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Jews in Charlotte mark the start of Passover

By Tim Funk
tfunk@charlotteobserver.com
  • http://media.charlotteobserver.com/smedia/2014/04/14/20/58/y4BiS.Em.138.jpeg|316
    Robert Lahser - rlahser@charlotteobserver.com
    Rabbi Yossi Groner prepares the prayers in the sanctuary, while jewish men enter the sanctuary at Lubavitch Education Center in Charlotte April 14,2014. The eight-day holiday of Passover begins Monday night, with Jews in Charlotte and the world over sitting down to a special dinner called a seder. They will commemorate the Israelites' exodus from bondage in Egypt. In Charlotte, Ohr HaTorah, an Orthodoc synagogue, hosted seder for young Jewish adults. The congregation at Ohr HaTorah is part of the largest branches of Hasidic Judaism. Called Chabad-Lubavitch, it originated in Russia in the 18th century and is now very active in organizing Jewish schools and reaching out to Jews who want a more Orthodoz Judaism.
  • http://media.charlotteobserver.com/smedia/2014/04/14/20/58/YTa1q.Em.138.jpeg|300
    Robert Lahser - rlahser@charlotteobserver.com
    Rochel Groner (far right) smiles after she lead a prayer for the jewish women followed by a seder at Lubavitch Education Center in Charlotte April 14,2014. The eight-day holiday of Passover begins Monday night, with Jews in Charlotte and the world over sitting down to a special dinner called a seder. They will commemorate the Israelites' exodus from bondage in Egypt. In Charlotte, Ohr HaTorah, an Orthodoc synagogue, hosted seder for young Jewish adults. The congregation at Ohr HaTorah is part of the largest branches of Hasidic Judaism. Called Chabad-Lubavitch, it originated in Russia in the 18th century and is now very active in organizing Jewish schools and reaching out to Jews who want a more Orthodoz Judaism.
  • http://media.charlotteobserver.com/smedia/2014/04/14/20/58/iFVHd.Em.138.jpeg|241
    Robert Lahser - rlahser@charlotteobserver.com
    Matzah that will be used at a seder at Lubavitch Education Center in Charlotte April 14,2014. The eight-day holiday of Passover begins Monday night, with Jews in Charlotte and the world over sitting down to a special dinner called a seder. They will commemorate the Israelites' exodus from bondage in Egypt. In Charlotte, Ohr HaTorah, an Orthodoc synagogue, hosted seder for young Jewish adults. The congregation at Ohr HaTorah is part of the largest branches of Hasidic Judaism. Called Chabad-Lubavitch, it originated in Russia in the 18th century and is now very active in organizing Jewish schools and reaching out to Jews who want a more Orthodoz Judaism.
  • http://media.charlotteobserver.com/smedia/2014/04/14/20/58/19kxIm.Em.138.jpeg|212
    Robert Lahser - rlahser@charlotteobserver.com
    Chaya Groner prepares the table for the seder at Lubavitch Education Center in Charlotte April 14,2014. The eight-day holiday of Passover begins Monday night, with Jews in Charlotte and the world over sitting down to a special dinner called a seder. They will commemorate the Israelites' exodus from bondage in Egypt. In Charlotte, Ohr HaTorah, an Orthodoc synagogue, hosted seder for young Jewish adults. The congregation at Ohr HaTorah is part of the largest branches of Hasidic Judaism. Called Chabad-Lubavitch, it originated in Russia in the 18th century and is now very active in organizing Jewish schools and reaching out to Jews who want a more Orthodoz Judaism.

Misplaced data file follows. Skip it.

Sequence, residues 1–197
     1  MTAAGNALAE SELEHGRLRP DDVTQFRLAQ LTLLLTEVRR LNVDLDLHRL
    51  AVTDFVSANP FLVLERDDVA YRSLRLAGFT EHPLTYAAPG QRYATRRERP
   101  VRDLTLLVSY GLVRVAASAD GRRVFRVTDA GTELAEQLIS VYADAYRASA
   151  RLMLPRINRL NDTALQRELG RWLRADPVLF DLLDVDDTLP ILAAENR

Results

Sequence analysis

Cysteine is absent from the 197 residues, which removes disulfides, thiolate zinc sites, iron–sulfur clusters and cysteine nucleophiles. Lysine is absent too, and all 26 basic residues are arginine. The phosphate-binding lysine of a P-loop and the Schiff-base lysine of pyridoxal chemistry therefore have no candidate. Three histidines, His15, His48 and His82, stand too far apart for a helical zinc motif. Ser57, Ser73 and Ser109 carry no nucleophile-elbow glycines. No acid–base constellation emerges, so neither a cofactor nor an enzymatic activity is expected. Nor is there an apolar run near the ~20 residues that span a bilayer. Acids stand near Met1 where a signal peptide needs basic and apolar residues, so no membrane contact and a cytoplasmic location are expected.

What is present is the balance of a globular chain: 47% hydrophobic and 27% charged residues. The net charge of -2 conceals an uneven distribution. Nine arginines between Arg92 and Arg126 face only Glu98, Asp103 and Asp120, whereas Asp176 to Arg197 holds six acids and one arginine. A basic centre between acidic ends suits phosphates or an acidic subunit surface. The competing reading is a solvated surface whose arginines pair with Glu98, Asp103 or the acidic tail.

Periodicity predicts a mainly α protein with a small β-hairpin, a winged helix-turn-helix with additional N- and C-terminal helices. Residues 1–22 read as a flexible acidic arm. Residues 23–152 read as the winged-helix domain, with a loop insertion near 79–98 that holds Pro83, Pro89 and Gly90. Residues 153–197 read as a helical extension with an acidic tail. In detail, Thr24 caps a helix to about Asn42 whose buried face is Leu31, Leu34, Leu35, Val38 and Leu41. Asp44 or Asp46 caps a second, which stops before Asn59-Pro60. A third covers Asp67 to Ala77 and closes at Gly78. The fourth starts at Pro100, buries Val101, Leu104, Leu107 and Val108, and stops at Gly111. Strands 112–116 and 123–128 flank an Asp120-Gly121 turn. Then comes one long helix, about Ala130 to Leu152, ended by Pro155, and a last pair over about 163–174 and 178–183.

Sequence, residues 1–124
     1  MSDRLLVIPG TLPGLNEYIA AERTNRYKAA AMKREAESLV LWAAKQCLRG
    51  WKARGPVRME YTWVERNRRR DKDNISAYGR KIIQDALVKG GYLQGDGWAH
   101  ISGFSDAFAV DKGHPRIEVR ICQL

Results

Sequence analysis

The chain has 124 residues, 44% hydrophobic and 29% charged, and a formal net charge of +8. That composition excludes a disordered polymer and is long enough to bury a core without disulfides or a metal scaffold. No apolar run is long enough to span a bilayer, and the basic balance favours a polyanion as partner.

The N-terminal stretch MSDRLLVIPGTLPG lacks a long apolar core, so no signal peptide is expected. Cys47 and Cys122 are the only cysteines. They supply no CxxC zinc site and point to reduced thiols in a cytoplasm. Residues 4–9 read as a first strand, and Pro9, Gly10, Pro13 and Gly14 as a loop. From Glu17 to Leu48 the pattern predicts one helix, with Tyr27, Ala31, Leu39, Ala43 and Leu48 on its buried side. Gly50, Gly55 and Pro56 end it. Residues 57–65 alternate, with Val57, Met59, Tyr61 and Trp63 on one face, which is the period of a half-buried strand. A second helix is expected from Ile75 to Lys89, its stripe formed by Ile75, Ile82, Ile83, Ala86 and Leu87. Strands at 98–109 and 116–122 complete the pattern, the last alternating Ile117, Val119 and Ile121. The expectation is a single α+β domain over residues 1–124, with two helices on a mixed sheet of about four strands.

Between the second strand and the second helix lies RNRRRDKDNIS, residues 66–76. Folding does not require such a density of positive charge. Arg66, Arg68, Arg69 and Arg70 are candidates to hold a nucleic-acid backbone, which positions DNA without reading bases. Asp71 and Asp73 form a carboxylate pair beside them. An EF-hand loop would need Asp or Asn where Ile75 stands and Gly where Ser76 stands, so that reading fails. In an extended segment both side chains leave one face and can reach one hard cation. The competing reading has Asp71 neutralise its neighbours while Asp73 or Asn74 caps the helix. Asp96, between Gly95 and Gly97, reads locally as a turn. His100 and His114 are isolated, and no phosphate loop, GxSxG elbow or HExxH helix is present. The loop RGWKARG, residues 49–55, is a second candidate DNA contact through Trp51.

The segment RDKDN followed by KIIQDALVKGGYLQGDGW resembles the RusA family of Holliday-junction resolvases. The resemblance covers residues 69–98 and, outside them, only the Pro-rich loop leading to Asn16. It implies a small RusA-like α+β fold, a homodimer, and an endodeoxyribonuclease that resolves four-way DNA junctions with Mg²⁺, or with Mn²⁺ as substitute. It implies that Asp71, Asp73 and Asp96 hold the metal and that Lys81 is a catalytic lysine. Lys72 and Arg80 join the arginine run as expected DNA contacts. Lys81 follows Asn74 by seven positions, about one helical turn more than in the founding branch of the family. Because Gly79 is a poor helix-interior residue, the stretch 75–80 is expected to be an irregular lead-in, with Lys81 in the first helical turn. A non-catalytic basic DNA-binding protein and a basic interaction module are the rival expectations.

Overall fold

• http://media.charlotteobserver.com/smedia/2014/04/14/20/58/199gz.Em.138.jpeg|273
    Robert Lahser - rlahser@charlotteobserver.com
    Jessica Waldman takes her turn to light a candle during a special mitzvah for the jewish women followed by a seder at Lubavitch Education Center in Charlotte April 14,2014. The eight-day holiday of Passover begins Monday night, with Jews in Charlotte and the world over sitting down to a special dinner called a seder. They will commemorate the Israelites' exodus from bondage in Egypt. In Charlotte, Ohr HaTorah, an Orthodoc synagogue, hosted seder for young Jewish adults. The congregation at Ohr HaTorah is part of the largest branches of Hasidic Judaism. Called Chabad-Lubavitch, it originated in Russia in the 18th century and is now very active in organizing Jewish schools and reaching out to Jews who want a more Orthodoz Judaism.

On Monday at sundown, Jews in Charlotte and around the world marked the start of Passover, commemorating the exodus of the Israelites from slavery in Egypt under the leadership of Moses.

Also called Pesach (PAY-sakh), its Hebrew name, the holiday lasts for seven days in Israel and eight days in the United States and most everywhere else.

On the first two nights of Passover, Jewish families traditionally gather for a Seder, a ritualized dinner in which the story from the book of Exodus is retold. Candles are lit, blessings are said, and special food is served, including unleavened bread (matzo), which recalls that Jews fleeing Egypt didn’t have time to wait for their bread to rise.

There is also the reading of the Haggadah, a compilation of biblical passages, prayers, hymns and rabbinic literature.

On Monday night, Ohr HaTorah, an Orthodox congregation in Charlotte, hosted a Seder for young adults at the Lubavitch Educational Center. On Tuesday night, Temple Israel, a Conservative congregation, and Temple Beth El, a Reform congregation, will each have a reservation-only community Seder.

The Seder’s most iconic line, usually recited by the youngest person at the table who is able to recite it: “Why is this night different from all other nights?” The question has four answers, all relating to how the Seder symbolizes freedom to have a relaxing meal together and enjoy each others’ company.

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